It is important to review your mortgage protection policy regularly and ensure that you take out additional cover, if necessary, to cover extensions of the mortgage term or any penalties incurred. You must keep the premiums up to date. If you go into arrears, the policy may lapse.

You do not have to take out mortgage protection insurance if:

  • You are aged over 50 or
  • The mortgage is not on your principal private residence (your home) or
  • You cannot get the insurance, or can only get it at a much higher premium than normal or
  • You already have enough life insurance to pay off the home loan if you die

However, some lenders may insist that you take out mortgage protection insurance as a condition of giving you a mortgage, even if there is no legal requirement in your case.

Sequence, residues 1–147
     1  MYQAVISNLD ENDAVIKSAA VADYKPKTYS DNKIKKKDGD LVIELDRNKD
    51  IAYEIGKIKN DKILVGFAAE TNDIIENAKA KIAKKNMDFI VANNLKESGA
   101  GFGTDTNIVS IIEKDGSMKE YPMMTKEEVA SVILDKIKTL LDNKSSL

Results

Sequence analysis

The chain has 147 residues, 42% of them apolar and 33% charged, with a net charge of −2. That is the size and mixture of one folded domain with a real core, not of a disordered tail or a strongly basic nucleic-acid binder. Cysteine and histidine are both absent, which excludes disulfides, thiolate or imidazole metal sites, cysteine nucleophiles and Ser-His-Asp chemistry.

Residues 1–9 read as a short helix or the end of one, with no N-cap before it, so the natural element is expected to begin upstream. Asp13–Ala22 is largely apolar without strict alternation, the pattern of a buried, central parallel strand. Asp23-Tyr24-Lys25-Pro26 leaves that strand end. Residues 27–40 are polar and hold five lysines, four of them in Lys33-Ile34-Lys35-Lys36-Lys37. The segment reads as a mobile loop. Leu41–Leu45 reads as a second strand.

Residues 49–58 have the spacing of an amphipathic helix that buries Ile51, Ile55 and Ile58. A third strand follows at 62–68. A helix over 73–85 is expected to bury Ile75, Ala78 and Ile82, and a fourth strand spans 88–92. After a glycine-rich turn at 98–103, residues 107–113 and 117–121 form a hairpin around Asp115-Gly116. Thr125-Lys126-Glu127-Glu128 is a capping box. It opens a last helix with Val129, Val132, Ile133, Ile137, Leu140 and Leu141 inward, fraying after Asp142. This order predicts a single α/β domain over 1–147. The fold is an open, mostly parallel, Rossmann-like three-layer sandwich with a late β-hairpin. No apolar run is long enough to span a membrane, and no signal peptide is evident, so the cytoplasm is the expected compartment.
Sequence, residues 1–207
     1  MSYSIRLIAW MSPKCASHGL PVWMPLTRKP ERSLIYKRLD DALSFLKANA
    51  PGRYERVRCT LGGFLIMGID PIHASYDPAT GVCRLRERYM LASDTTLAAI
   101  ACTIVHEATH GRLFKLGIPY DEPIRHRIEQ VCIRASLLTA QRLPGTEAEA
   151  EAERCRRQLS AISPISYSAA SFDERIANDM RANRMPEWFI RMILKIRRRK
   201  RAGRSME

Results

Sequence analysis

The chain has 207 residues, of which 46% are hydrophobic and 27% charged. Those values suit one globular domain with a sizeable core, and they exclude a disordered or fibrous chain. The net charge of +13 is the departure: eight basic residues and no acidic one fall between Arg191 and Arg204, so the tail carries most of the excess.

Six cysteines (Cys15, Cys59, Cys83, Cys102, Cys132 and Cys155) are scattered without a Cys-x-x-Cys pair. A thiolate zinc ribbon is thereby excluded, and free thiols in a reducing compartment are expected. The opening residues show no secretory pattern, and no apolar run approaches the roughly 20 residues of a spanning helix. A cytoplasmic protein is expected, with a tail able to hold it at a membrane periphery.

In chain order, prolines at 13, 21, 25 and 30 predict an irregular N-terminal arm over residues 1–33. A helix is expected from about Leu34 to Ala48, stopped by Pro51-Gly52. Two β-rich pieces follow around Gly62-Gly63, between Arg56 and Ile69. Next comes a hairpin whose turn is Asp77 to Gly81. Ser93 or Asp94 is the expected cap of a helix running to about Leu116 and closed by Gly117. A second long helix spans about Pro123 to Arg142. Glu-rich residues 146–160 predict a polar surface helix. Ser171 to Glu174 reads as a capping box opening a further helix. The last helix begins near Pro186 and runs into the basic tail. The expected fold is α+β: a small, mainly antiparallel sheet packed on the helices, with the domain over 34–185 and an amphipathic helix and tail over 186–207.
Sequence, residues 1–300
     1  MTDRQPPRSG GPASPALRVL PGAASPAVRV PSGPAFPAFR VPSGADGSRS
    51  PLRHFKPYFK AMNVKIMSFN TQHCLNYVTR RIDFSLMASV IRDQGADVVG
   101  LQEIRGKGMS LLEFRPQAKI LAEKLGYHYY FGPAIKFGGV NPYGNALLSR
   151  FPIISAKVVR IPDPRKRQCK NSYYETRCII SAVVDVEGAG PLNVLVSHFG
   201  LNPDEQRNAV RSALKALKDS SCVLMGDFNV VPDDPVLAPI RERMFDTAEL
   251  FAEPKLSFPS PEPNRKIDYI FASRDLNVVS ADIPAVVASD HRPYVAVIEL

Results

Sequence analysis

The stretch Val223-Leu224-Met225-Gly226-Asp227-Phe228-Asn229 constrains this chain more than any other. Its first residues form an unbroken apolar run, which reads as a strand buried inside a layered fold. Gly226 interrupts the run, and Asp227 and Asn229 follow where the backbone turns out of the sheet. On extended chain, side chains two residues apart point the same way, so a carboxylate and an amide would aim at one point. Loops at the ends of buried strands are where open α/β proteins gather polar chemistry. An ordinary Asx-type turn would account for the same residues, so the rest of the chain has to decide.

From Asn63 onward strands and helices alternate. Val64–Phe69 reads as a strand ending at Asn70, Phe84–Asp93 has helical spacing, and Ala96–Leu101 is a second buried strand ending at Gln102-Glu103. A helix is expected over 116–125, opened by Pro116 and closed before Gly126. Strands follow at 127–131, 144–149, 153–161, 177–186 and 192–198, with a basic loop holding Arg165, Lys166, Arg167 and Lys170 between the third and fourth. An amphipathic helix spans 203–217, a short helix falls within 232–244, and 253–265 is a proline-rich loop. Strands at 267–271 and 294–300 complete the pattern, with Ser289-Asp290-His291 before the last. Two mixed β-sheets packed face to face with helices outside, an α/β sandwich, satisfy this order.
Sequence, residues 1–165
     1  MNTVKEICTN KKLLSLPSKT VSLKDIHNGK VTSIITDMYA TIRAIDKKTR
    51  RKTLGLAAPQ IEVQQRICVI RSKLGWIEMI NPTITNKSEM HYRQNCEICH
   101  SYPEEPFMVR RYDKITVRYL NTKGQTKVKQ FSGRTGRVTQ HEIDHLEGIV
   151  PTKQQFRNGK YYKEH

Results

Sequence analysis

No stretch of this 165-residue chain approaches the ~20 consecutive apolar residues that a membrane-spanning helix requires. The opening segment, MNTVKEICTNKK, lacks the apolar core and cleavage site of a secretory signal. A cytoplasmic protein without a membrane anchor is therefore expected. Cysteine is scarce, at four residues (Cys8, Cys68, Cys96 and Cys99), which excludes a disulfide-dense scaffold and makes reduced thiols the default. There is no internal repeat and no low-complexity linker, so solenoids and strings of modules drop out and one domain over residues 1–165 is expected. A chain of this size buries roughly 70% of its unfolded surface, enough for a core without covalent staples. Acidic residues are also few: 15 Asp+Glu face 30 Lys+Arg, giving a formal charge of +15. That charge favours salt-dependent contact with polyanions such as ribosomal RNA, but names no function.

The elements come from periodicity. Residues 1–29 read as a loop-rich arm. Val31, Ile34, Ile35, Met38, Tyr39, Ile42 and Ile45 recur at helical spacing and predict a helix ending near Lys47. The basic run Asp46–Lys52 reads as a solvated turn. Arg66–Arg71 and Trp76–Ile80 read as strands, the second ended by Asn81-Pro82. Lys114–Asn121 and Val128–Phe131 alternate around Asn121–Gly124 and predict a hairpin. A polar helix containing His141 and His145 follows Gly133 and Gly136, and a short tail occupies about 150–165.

Mortgage repayment protection insurance

Mortgage repayment protection insurance is usually optional. It is a type of payment protection insurance that is designed to repay your mortgage for a certain amount of time – typically 12 months – if your income is reduced because you have an accident or are made redundant, or for any other reason covered by the particular policy.

You should check with your mortgage lender or insurance broker or insurance company if you are uncertain about whether you have mortgage repayment protection insurance. You should also check exactly what it covers and ensure that it suits your situation.

(xi) Loan Cheque

Once a closing date is agreed, your Solicitor will arrange to drawdown your loan cheque from your bank or lending institution. Your Solicitor will also:

  • Prepare the solicitor’s bill.
  • Request and receive from the purchaser any balance purchase money needed, in addition to the loan, together with the solicitor’s costs, stamp duty and registration fees.
  • Get proof of payment of property and household taxes.